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NFL Announces Rule Repealing Laws of Physics

TAMPA, FL - JANUARY 29:  Tampa Bay Buccaneers Co-Chairman Bryan Glazer greets NFL Commissioner Roger Goodell, R, as Goodell announces a $1 million donation to the Tampa Bay YET Centers during a presss conference at Mort Park on January 29, 2009 in Tampa, Florida.  (Photo by Doug Benc/Getty Images)
T.V. HenryContributor ISeptember 23, 2009

Commissioner Goodell says safety of Quarterbacks “paramount.”

 

In a development that many saw coming, NFL Commissioner Roger Goodell today that the league will no longer recognize Newton’s laws of motion when comes to quarterback hits.

“After consulting with ownership, I’ve decided that the leagues interest in protecting it’s quarterbacks are paramount, and thus  outweigh any need to recognize Sir Isaac Newton’s laws of motion,” said Goodell in a tersely worded statement released today

 

Goodell emphasized the need to protect quarterbacks, and said that referees are to look “only at how hard the quarterback hit the ground under the full weight of defenders who are bigger than they are.” This appears to allude to the officials’ failure to penalize Washington Redskin defensive tackle Albert Haynesworth’s hit on Tom Brady of the New England Patriots

 

Conversely, it appears last year’s flag of New York Giants defensive end Justin Tuck’s hit on Dallas Cowboy quarterback Brooks Bollinger is the new paradigm.

 

He called Newton’s Laws “compelling but arcane, ” and said that they are “unfair to quarterbacks.”

“As commissioner, I am entrusted with protecting the interests of the league, it’s owner, fans, and yes, players. Any entity or factor that compromises those interests must be thusly sublimated,” Goodell went on. “Quarterbacks are the face of the league, and Newton’s first three laws of motion leave them needlessly imperiled, especially #2, [which states that “the net external force on a body is equal to the mass of that body times its acceleration; F = ma. Alternatively, force is proportional to the time derivative of momentum”].”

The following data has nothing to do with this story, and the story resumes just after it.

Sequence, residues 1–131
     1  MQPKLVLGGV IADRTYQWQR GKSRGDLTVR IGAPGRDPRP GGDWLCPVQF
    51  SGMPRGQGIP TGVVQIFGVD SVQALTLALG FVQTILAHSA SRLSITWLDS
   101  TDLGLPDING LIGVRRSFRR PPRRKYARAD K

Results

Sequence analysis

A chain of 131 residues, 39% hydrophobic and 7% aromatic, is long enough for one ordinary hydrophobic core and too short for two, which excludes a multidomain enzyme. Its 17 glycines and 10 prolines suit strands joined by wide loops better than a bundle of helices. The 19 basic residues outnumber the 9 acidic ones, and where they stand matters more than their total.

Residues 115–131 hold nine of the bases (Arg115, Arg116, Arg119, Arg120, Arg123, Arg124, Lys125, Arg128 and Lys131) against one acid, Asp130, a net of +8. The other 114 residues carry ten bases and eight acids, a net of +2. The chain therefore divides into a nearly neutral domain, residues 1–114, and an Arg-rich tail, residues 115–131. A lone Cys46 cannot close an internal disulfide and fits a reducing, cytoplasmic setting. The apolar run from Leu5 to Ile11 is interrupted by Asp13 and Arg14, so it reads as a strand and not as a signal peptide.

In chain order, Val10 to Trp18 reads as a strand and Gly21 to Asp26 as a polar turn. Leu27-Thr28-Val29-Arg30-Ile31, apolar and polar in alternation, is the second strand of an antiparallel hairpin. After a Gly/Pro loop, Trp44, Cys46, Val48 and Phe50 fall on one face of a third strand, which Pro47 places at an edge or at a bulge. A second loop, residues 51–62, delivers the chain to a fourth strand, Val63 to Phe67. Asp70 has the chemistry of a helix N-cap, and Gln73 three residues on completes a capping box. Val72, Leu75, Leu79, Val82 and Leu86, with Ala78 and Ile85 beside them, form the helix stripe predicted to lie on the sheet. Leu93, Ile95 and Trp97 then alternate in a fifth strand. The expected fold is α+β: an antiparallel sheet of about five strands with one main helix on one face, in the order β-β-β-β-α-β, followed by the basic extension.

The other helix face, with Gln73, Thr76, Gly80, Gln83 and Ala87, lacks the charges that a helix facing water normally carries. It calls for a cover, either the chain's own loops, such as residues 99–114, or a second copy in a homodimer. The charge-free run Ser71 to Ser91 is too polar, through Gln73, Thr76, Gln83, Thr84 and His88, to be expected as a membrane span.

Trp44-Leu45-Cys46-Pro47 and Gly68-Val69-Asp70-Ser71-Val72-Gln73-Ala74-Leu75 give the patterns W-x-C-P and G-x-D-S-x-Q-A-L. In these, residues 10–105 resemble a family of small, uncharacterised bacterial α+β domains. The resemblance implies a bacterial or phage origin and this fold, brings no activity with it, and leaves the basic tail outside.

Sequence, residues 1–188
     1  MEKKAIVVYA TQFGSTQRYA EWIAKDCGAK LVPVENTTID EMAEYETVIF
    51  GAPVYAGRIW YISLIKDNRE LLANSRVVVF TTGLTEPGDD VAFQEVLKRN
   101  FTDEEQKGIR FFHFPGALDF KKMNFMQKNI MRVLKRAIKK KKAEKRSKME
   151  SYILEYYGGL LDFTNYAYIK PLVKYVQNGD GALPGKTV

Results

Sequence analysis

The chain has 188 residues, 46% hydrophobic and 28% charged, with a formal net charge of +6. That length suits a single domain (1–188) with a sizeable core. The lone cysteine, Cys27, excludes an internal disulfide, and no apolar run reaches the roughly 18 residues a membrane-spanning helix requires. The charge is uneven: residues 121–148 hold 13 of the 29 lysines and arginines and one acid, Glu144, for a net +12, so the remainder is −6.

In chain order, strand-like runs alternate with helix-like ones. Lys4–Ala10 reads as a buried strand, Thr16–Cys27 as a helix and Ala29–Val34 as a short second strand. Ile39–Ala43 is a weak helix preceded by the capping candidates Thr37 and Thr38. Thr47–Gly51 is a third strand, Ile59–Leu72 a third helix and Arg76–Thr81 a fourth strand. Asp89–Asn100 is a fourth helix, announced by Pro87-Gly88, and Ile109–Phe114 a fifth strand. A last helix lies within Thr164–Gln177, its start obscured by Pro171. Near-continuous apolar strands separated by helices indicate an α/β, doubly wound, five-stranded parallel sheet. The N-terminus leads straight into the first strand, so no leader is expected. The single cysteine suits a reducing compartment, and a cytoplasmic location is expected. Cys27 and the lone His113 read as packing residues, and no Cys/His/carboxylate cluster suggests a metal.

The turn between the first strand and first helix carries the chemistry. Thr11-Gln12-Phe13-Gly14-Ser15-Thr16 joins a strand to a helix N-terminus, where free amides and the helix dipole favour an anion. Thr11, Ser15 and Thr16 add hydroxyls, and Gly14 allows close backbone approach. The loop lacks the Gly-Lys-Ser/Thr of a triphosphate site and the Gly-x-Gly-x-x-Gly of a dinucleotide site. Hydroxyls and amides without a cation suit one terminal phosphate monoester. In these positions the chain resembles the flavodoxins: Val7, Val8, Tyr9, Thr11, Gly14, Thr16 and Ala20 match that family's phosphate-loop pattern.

Goodell said he will introduce stiff penalties, including a $15,000 for each offense and ejection for two violations in the same game. Consecutive games with multiple offenses will result in a 3 game suspension. “I recognize the difficult situation defensive players are in, and that’s why the first ejection will not result in a suspension.”

 

The fines will take effect in 2010.

 

All indications are that NFL Players Association President DeMaurice Smith will challenge the fine structure in court if necessary.

 

Some players say they will pursue classes in  levitation.

 

“David Blaine, I’m coming to see YOU,” said an emphatic Osi Umenyiora, Pro Bowl defensive end for the New York Giants. “Considering the money we stand to lose, it’s well worth the investment.

 

Corey King and David Copperfield could not be reached for comment.

 

This is a satire, and is fictitious.

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